Strains between the US and China stem partly from the vast differences in the two country's cultural beliefs and outlook. Photo: iStock
A new Cold War between the US and China will inevitably impact the rest to the world. Photo: iStock. Photo: iStock

The acceleration of a new Cold War could be drastically ramped up at a landmark event taking place this Sunday.

Does that sound over-dramatic? No, I don’t think it does.

Chinese President Xi Jinping will this weekend give a major speech in Beijing at the Communist Party congress, which takes place only once every five years, and at which he will take on an unprecedented third term at the helm – putting him on track to be leader for life.

I expect Xi to set out an even more strident approach against the United States, his country’s main superpower rival, as both nations push to become the ultimate global dominant force militarily, politically, culturally, and economically. 

Xi’s speech follows the release this week of US President Joe Biden’s first formal National Security Strategy plan, which identified China as “America’s most consequential geopolitical challenge,” as well as the need to compete harder over the coming decade to keep up with the People’s Republic.

Bonnie Glaser, director of the Asia Program at the German Marshall Fund of the US, recently told Bloomberg: “I expect the US-China relationship to become more confrontational, not less.… I increasingly think it will take the shock of a significant crisis for the two countries to have a serious dialogue about how to peacefully co-exist.”

US-China relations have materially deteriorated over the last few years, it seems to me and most commentators.

Both are battling to control security infrastructures, trade, commerce and economic systems, the development and regulation of technology, as well international norms, practices and values.

China’s rapid military buildup, including the expansion of its nuclear capability, underscores Xi’s view that his nation’s armed forces be “commensurate with China’s international standing,” and it is causing significant concern in Washington.

Other issues of dispute in this field include self-governing Taiwan, which China sees as its territory and which the US has vowed to protect from any attempts by Beijing to move in; China’s construction and militarization of islands in the South China Sea; and China’s joint military operations with foes of the US.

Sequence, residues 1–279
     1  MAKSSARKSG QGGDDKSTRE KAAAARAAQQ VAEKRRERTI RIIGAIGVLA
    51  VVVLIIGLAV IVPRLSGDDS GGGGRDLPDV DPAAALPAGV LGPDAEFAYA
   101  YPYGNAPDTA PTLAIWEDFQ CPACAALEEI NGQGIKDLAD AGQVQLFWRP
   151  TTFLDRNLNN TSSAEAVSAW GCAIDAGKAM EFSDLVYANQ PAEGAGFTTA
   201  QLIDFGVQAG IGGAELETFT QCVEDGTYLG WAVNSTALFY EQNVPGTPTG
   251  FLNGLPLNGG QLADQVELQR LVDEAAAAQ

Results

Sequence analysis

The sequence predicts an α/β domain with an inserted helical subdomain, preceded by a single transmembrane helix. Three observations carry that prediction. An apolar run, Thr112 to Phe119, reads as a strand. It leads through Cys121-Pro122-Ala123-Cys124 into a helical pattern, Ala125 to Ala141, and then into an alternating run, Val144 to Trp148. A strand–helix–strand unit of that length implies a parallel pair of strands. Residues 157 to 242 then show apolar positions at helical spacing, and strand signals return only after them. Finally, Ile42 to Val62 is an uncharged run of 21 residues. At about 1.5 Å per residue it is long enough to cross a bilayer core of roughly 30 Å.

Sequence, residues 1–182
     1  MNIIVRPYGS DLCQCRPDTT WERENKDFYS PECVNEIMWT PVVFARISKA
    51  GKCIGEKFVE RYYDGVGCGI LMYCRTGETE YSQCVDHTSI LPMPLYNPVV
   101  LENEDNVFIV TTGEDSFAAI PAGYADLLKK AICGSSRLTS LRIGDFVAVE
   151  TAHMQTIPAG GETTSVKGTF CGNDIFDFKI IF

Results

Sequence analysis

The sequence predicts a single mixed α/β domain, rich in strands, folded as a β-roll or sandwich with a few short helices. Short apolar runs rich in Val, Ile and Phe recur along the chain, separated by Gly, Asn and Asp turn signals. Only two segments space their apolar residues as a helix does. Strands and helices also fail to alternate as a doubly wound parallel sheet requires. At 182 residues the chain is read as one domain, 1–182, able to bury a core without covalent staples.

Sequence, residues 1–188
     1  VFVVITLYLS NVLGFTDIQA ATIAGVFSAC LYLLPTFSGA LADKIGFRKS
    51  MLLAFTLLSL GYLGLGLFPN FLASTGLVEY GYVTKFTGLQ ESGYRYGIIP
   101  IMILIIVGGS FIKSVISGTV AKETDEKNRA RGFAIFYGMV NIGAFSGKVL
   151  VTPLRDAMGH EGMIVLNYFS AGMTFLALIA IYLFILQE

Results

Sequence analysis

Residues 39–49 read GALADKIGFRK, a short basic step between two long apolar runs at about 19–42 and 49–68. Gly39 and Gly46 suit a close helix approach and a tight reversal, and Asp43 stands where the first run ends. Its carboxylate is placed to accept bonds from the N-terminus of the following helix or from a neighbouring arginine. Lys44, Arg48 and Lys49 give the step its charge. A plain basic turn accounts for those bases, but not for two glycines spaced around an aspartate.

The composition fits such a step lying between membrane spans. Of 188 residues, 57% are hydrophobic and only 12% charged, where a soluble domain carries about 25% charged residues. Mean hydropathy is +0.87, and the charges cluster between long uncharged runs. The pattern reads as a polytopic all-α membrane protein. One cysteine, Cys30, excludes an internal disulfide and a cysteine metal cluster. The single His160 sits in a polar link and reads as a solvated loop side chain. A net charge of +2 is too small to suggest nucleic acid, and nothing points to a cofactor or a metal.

Washington’s confidence in China has also been badly dented since Xi’s announcement of a “no limits” partnership with Russian President Vladimir Putin just weeks before his invasion of Ukraine.

“It shows the disdain that Xi Jinping has toward the US that he would be seen on a stage with Vladimir Putin, who is not a natural ally,” said Jon M Huntsman, a former US ambassador to both China and Russia. “It’s their shared antipathy toward the US that brings them together.”

in addition, the Covid-19 pandemic managed to weigh on US-China relations in many respects. These include that supply chains were severely disrupted by China’s zero-tolerance Covid policy, which meant that container ships were loitering outside ports and factories were shuttered. 

But as well, social and institutional engagement between China and the US has also declined. “Interactions between the countries’ universities, non-governmental organizations, creators, and tourists had declined before Covid and have slowed to a trickle since,” reports Time.

There’s no doubt that the antagonism between the world’s two most powerful nations has become more entrenched, more explicit, and more aggressive.

And to my mind, this all sets the stage for a new Cold War, which will have a global impact.  

It’s a view shared by former Thai prime minister Abhisit Vejjajiva, who was quoted by Time as saying: “All Southeast Asian countries now feel pressure to take sides between the US and China. There’s clearly a real risk for all the other countries in the world to feel that we’re now falling back into two camps.”

The effect of a new Cold War will be even more impactful globally than that of the first because of the economic interdependence of the world’s two largest economies. China and the US together account for more than 40% of the global economy.

This is why the world economy, and the futures of billions of people, are going to be largely defined by Xi’s speech on Sunday.

Nigel Green is founder and CEO of deVere Group.